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The New American Century « Previous | |Next »
March 20, 2003

Scott over at the Eye of the Beholder has a good post on the UN. He argues that the UN has been a failure in terms of ensuring global security. That case has also been made by F Gareth Parker here in relation to the Australian Labor Party's support for a UN sanctioned war with Iraq. Basically the case is that the UN is nothing but a bunch of countries arguing for their interests. Gareth's is a good post with interesting comments.

This is a fuller statement of the demise of the UN by Richard Perle, a US neo-con. The security council of the UN is not capable of ensuring order and saving us from anarchy is the case argued.

Scott accepts the demise of the UN then goes beyond this to talk about a new international security order. He says:

"The point is that nations will above all else protect what they perceive to be their vital security interests. And if nations perceive that the UN is inadequate for the task, then they will act unilaterally.
In the case of the US, this of course has knock-on effects elsewhere. North Korea and China being prime examples. But this is illustrative of the need for an effective international security system, rather then a need to go back to the obviously inadequate UN.
If we are to build a workable order for the future we need to ask hard questions of the international community and face a few unpalatable home truths. Pretending that 'everything is ok, it's just those reckless Americans' is to be in denial."

Well, we do have a new world order. it has been outlined by the New American Century thinktank as a global pax America, neo-con style. According to the document Rebuilding America's Defences the world order in the American century is to be structured around maintaining global US pre-eminence, precluding the rise of a great power rival and shaping the international security order in line with American principles and interests. It is defended here and criticised here For a commentary A Wilful Blindness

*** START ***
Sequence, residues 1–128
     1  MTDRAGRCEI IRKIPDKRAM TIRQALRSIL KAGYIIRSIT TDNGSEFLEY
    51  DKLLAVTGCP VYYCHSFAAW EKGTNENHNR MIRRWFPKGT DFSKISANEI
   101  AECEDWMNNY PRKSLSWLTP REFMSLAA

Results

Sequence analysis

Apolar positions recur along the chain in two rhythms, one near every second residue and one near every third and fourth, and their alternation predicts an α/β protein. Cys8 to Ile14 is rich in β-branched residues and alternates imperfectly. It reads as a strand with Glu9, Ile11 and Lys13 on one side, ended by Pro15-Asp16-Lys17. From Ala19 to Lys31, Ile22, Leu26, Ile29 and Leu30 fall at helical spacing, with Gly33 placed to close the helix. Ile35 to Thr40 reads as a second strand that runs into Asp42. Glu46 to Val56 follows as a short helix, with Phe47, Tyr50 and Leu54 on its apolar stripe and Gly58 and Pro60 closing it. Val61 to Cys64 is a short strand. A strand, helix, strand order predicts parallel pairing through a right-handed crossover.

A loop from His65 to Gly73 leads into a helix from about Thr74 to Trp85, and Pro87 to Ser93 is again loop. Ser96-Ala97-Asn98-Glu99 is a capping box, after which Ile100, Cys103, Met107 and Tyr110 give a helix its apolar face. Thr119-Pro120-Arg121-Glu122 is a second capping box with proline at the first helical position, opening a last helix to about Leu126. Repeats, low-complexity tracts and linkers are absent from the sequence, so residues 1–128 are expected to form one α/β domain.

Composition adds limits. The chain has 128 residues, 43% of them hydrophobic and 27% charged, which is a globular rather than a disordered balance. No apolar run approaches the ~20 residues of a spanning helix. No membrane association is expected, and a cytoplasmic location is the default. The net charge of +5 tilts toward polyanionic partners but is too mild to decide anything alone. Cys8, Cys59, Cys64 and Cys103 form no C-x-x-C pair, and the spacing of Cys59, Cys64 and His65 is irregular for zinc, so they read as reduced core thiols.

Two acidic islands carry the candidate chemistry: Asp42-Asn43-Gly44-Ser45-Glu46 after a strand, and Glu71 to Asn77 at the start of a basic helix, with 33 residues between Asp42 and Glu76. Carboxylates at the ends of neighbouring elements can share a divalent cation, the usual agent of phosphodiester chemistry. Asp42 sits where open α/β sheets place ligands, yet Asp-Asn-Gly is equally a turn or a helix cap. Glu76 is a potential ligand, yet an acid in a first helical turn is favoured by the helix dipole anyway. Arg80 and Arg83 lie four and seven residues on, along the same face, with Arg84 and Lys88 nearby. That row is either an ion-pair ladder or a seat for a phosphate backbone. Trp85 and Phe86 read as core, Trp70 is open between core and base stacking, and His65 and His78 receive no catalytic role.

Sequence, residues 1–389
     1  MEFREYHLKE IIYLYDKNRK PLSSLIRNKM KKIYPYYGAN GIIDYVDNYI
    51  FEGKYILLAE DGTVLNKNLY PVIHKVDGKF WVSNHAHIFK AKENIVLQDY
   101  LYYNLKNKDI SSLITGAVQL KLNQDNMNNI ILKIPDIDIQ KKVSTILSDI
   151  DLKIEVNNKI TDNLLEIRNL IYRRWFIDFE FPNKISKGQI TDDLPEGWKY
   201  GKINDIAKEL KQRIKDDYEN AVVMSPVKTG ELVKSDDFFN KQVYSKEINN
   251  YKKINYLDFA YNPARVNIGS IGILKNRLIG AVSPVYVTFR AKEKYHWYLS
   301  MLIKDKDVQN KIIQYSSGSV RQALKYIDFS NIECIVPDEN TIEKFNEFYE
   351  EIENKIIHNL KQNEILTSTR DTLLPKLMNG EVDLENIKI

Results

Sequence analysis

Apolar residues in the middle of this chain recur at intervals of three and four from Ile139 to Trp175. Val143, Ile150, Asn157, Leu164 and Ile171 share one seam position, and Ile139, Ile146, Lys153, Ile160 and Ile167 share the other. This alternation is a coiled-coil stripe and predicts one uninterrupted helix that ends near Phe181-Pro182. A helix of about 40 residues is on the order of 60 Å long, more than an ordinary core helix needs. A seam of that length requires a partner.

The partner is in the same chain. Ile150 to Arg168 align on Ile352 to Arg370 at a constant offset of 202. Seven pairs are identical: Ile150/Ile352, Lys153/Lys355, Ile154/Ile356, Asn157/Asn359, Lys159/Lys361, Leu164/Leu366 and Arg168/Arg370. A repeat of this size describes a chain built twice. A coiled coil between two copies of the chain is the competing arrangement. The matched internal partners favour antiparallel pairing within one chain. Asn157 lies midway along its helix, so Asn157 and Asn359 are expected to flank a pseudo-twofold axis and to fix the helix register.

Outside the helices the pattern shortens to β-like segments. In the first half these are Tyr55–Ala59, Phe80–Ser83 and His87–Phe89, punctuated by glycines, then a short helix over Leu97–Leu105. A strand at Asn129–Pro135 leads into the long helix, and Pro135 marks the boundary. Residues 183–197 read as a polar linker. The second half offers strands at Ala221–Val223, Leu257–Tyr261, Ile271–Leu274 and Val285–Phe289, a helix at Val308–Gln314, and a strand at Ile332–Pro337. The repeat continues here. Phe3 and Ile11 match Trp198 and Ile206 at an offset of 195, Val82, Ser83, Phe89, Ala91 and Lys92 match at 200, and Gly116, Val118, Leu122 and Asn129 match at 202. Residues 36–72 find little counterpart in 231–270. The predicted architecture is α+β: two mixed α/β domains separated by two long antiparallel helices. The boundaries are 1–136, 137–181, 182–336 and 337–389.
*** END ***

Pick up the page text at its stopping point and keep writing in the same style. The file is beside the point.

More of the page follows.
These global strategic concerns of a hegemonic US involves the US fighting and winning simultaneous major theater wars---eg., Iran and North Korea--- and performing policing duties to ensure that the security environment in critical regions (eg., South East Asia, the Middle East) is under control.

Given this the politicians hope for a clean and swift war through shock, awe and annihilate to cause the Iraqi regime to collapse like a house of cards is disingenious. Australia has signed up to The Long Haul (subscription only)---- 40 years plus.

Its going to be a bumpy ride.

Update Some Australians are begining to spell out thebumps ahead

| Posted by Gary Sauer-Thompson at 10:33 AM | | Comments (3)
Comments

Comments

PNAC is scary. How can the neo-cons promote themselves as being out to liberate the world and at the same time have a policy of maintaining US global power at any price?

They seem to be somewhat contradictory aims.

Stewart,
Where do they mention "liberating the world" - don't take them for Kennedy's Peace Corps. These people are for real. The most they would promise if pressed is democracy by the trickle-down effect. It is psychologically very hard to accept that they are actually running the joint now, but it's true. At least until the next election anyway. Their hardware may be omnipotent but their intellect is crude.

The neo-cons want to 'liberate the world' so that it is ordered to better serve US national interests as a global hegemonic power.

Liberating the world means realizing the strategic objectives of protecting the homeland and opening up traditional nation states to free markets, liberal demoracy and free access to resources.